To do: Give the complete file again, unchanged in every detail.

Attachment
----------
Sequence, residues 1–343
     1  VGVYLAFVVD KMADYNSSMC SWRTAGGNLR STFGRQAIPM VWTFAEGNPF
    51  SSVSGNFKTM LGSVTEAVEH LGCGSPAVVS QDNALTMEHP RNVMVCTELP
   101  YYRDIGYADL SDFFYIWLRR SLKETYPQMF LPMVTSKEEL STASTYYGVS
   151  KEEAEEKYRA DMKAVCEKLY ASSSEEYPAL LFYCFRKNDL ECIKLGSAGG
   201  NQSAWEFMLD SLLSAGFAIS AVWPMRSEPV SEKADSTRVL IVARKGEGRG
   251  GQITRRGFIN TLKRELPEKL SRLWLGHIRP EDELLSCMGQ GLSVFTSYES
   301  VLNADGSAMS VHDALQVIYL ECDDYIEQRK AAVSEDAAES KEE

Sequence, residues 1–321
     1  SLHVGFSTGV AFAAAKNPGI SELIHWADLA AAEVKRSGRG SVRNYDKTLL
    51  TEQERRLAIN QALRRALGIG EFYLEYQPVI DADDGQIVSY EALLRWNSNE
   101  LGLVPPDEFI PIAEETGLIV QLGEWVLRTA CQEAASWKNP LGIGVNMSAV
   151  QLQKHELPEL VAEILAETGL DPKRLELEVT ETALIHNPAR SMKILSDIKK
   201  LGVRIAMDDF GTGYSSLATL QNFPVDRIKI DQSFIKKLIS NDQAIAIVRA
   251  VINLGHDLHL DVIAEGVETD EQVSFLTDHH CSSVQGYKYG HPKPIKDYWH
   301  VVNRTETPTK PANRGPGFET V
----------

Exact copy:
Sequence, residues 1–343
     1  VGVYLAFVVD KMADYNSSMC SWRTAGGNLR STFGRQAIPM VWTFAEGNPF
    51  SSVSGNFKTM LGSVTEAVEH LGCGSPAVVS QDNALTMEHP RNVMVCTELP
   101  YYRDIGYADL SDFFYIWLRR SLKETYPQMF LPMVTSKEEL STASTYYGVS
   151  KEEAEEKYRA DMKAVCEKLY ASSSEEYPAL LFYCFRKNDL ECIKLGSAGG
   201  NQSAWEFMLD SLLSAGFAIS AVWPMRSEPV SEKADSTRVL IVARKGEGRG
   251  GQITRRGFIN TLKRELPEKL SRLWLGHIRP EDELLSCMGQ GLSVFTSYES
   301  VLNADGSAMS VHDALQVIYL ECDDYIEQRK AAVSEDAAES KEE

Sequence, residues 1–321
     1  SLHVGFSTGV AFAAAKNPGI SELIHWADLA AAEVKRSGRG SVRNYDKTLL
    51  TEQERRLAIN QALRRALGIG EFYLEYQPVI DADDGQIVSY EALLRWNSNE
   101  LGLVPPDEFI PIAEETGLIV QLGEWVLRTA CQEAASWKNP LGIGVNMSAV
   151  QLQKHELPEL VAEILAETGL DPKRLELEVT ETALIHNPAR SMKILSDIKK
   201  LGVRIAMDDF GTGYSSLATL QNFPVDRIKI DQSFIKKLIS NDQAIAIVRA
   251  VINLGHDLHL DVIAEGVETD EQVSFLTDHH CSSVQGYKYG HPKPIKDYWH
   301  VVNRTETPTK PANRGPGFET V